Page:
The specific research goal of this project is to identify means to restore and rebuild the Snake River white sturgeon (Acipenser transmontanus) population to support a sustainable annual subsistence harvest equivalent to 5 kg/ha/yr (CBFWA 1997). Based on data collected, a white sturgeon adaptive management plan will be developed. This 2001 annual report covers the fifth year of sampling of this multi-year study. In 2001 white sturgeon were captured, marked, and population data were collected in the Snake and Salmon rivers. The Snake River was sampled between Lower Granite Dam (rkm 174) and the mouth of the Salmon River (rkm 303), and the Salmon River was sampled from its mouth upstream to Hammer Creek (rkm 84). A total of 45,907 hours of setline effort and 186 hours of hook-and-line effort was employed in 2001. A total of 390 white sturgeon were captured and tagged in the Snake River and 12 in the Salmon River. Since 1997, 36.1 percent of the tagged white sturgeon have been recaptured. In the Snake River, white sturgeon ranged in total length from 42 cm to 307 cm and averaged 107 cm. In the Salmon River, white sturgeon ranged in total length from 66 cm to 235 cm and averaged 160 cm. Using the Jolly-Seber model, the abundance of white sturgeon <60 cm, between Lower Granite Dam and the mouth of the Salmon River, was estimated at 2,483 fish, with a 95% confidence interval of 1,208-7,477. An additional 10 white sturgeon were fitted with radio-tags during 2001. The locations of 17 radio-tagged white sturgeon were monitored in 2001. The movement of these fish ranged from 38.6 km (24 miles) downstream to 54.7 km (34 miles) upstream; however, 62.6 percent of the detected movement was less than 0.8 km (0.5 mile). Both radio-tagged fish and recaptured white sturgeon in Lower Granite Reservoir appear to move more than fish in the free-flowing segment of the Snake River. No seasonal movement pattern was detected, and no movement pattern was detected for different size fish

  2. [The Northeast: fertility and recent dynamics of the labor force].

    Science.gov (United States)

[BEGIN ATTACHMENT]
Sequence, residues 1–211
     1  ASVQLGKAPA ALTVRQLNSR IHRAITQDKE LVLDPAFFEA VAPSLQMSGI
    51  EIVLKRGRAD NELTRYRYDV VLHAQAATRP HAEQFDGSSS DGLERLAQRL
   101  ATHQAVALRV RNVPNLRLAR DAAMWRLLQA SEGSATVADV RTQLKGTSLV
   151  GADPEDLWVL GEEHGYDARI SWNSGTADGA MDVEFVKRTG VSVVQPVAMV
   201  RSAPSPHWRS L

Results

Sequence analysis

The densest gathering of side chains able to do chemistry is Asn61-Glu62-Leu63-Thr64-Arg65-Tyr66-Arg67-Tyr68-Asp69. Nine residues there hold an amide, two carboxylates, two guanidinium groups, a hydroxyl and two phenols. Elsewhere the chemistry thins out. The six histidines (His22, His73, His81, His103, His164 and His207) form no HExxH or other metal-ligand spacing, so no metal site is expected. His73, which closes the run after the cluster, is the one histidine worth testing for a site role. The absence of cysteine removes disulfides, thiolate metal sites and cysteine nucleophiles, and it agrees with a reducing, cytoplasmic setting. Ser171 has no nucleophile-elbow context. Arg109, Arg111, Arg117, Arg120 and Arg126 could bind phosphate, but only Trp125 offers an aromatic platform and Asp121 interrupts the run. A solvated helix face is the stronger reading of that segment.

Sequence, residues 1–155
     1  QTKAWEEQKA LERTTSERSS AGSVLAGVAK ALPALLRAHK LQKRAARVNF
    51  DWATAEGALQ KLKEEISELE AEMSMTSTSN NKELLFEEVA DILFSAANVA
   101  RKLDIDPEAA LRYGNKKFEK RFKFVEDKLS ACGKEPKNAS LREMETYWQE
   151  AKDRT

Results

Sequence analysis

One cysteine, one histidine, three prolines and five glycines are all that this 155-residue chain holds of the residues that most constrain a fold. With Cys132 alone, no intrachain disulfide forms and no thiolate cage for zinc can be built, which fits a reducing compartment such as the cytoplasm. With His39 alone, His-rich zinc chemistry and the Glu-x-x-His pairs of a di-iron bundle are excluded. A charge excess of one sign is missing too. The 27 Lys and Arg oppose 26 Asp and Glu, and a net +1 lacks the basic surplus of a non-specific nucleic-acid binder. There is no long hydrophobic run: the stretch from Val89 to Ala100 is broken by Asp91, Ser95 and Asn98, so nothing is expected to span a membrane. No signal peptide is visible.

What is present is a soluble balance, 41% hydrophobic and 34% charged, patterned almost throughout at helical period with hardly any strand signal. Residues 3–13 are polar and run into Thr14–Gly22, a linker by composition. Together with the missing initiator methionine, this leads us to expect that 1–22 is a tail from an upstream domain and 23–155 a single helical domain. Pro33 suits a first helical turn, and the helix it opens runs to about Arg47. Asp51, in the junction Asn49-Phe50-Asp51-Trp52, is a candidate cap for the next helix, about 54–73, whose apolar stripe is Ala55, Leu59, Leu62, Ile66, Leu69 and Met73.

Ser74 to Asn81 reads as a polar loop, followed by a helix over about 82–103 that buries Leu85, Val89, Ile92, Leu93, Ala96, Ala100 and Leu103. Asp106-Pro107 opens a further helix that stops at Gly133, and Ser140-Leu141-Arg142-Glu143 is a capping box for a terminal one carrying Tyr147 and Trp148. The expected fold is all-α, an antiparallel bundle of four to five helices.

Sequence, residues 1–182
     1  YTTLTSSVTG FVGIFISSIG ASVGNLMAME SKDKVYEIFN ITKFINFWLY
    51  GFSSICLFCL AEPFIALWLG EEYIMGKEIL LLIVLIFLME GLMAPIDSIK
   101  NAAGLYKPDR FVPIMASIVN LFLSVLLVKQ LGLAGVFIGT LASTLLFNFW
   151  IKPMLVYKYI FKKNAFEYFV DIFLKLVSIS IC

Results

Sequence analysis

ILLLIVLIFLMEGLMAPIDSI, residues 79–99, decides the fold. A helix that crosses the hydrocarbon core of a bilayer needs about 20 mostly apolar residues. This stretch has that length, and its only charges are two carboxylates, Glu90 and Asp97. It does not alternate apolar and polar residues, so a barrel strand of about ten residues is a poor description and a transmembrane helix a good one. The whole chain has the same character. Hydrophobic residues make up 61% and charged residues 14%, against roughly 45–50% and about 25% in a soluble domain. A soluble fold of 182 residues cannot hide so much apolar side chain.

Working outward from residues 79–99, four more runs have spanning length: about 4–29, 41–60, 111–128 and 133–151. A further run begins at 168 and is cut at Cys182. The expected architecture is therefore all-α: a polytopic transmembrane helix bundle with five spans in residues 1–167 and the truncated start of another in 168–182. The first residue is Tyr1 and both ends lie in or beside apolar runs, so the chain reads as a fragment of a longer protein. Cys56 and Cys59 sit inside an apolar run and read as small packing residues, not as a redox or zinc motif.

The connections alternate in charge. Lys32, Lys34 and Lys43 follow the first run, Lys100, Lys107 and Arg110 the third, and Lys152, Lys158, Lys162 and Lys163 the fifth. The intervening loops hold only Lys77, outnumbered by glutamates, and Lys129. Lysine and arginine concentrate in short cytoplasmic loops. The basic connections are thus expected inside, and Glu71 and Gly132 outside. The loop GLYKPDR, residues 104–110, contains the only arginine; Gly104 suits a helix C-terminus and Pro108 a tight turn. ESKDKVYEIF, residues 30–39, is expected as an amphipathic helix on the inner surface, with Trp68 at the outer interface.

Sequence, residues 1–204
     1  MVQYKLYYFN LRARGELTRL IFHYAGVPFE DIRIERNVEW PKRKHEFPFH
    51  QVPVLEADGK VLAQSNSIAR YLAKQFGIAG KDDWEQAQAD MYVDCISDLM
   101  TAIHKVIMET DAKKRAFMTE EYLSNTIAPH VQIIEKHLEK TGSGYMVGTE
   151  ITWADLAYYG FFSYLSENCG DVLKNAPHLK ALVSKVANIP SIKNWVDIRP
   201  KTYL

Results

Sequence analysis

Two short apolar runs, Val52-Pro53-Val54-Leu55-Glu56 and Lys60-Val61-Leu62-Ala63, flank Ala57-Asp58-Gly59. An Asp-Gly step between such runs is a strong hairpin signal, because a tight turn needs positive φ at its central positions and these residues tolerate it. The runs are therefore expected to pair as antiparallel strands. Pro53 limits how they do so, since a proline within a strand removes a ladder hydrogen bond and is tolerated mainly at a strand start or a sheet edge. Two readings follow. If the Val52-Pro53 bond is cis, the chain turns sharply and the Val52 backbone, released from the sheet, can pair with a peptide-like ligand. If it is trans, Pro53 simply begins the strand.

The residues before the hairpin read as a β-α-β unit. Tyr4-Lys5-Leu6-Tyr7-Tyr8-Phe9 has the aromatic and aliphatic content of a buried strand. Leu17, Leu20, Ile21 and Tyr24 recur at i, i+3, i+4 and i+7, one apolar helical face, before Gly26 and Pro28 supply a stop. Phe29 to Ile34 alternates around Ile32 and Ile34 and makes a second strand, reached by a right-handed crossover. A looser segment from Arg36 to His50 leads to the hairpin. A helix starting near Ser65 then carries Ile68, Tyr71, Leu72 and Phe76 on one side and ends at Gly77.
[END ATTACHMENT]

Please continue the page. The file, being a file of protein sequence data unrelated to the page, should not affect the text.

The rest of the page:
De Oliveira, L A

    1985-01-01

    Data from the 1970 and 1980 censuses of Brazil are analyzed to examine the economic growth of the Notheast, changes in the region's population dynamics, and changes in fertility. Consideration is given to the segmentation of the urban labor market, the income of the economically active population, children in the labor force, female education versus fertility, and family income versus female participation in the work force.

  3. Can human populations be stabilized?

    Science.gov (United States)

    Warren, Stephen G.

    2015-02-01

    Historical examples of demographic change, in China, Italy, Nigeria, Utah, Easter Island, and elsewhere, together with simple mathematics and biological principles, show that stabilizing world population before it is limited by food supply will be more difficult than is generally appreciated. United Nations population projections are wrong because they assume, in spite of the absence of necessary feedbacks, that all nations will converge rapidly to replacement-level fertility and thereafter remain at that level. Education of women and provision of contraceptives have caused dramatic reductions in fertility, but many groups, including some that are well-educated, maintain high fertility. Small groups with persistent high fertility can grow to supplant low-fertility groups, resulting in continued growth of the total population. The global average fertility rate could rise even if each country's fertility rate is falling. In some low-fertility European countries where deaths exceed births, the population continues to grow because of immigration. Producing more than two offspring is normal for all animal species with stable populations because their populations are limited by resources or predation rather than birth control. It may therefore be appropriate to view the growth of human population as the result not of excess fertility but rather of excess food.

  4. Factors Affecting Fertility – New Evidence from Malaysia

    Directory of Open Access Journals (Sweden)

    Awad Atif

    2017-06-01

    Full Text Available This research paper investigates long and short term determinants of fertility rates in Malaysia based on basic macroeconomic variables for the period 1980-2014 using Auto Regressive Distributed Lag (ARDL method. The study reveals that over a long term period, all the selected variables (GDP, infant mortality rate, females’ education and employment have had significant and negative impact on total fertility rates. Whilst during the short term period, only the infant mortality rate has had a positive impact. Since population growth is partly determined by fertility rates, efforts to increase population in Malaysia should consider factors that affect those rates.

  5. Education’s impact on fertility: The case of King Saud University Women, Riyadh

    Directory of Open Access Journals (Sweden)

    Rshood M. Khraif

    2017-06-01